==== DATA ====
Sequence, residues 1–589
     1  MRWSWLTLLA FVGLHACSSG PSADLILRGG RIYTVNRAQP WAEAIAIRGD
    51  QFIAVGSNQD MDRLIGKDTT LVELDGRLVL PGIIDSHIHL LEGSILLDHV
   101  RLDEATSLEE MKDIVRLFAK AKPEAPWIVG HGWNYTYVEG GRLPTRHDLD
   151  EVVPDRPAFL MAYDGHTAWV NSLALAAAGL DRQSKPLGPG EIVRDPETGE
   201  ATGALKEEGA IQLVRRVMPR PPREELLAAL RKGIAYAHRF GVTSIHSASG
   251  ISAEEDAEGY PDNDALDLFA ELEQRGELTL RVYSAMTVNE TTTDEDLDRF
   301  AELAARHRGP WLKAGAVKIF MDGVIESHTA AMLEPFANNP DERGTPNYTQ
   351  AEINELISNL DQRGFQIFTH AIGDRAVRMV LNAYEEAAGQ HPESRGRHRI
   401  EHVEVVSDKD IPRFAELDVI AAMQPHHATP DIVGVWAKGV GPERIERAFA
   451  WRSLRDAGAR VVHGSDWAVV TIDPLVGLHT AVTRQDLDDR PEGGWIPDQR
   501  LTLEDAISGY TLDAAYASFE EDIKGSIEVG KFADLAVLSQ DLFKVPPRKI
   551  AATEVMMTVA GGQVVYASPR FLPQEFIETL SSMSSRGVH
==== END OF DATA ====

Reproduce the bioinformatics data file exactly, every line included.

Sequence, residues 1–589
     1  MRWSWLTLLA FVGLHACSSG PSADLILRGG RIYTVNRAQP WAEAIAIRGD
    51  QFIAVGSNQD MDRLIGKDTT LVELDGRLVL PGIIDSHIHL LEGSILLDHV
   101  RLDEATSLEE MKDIVRLFAK AKPEAPWIVG HGWNYTYVEG GRLPTRHDLD
   151  EVVPDRPAFL MAYDGHTAWV NSLALAAAGL DRQSKPLGPG EIVRDPETGE
   201  ATGALKEEGA IQLVRRVMPR PPREELLAAL RKGIAYAHRF GVTSIHSASG
   251  ISAEEDAEGY PDNDALDLFA ELEQRGELTL RVYSAMTVNE TTTDEDLDRF
   301  AELAARHRGP WLKAGAVKIF MDGVIESHTA AMLEPFANNP DERGTPNYTQ
   351  AEINELISNL DQRGFQIFTH AIGDRAVRMV LNAYEEAAGQ HPESRGRHRI
   401  EHVEVVSDKD IPRFAELDVI AAMQPHHATP DIVGVWAKGV GPERIERAFA
   451  WRSLRDAGAR VVHGSDWAVV TIDPLVGLHT AVTRQDLDDR PEGGWIPDQR
   501  LTLEDAISGY TLDAAYASFE EDIKGSIEVG KFADLAVLSQ DLFKVPPRKI
   551  AATEVMMTVA GGQVVYASPR FLPQEFIETL SSMSSRGVH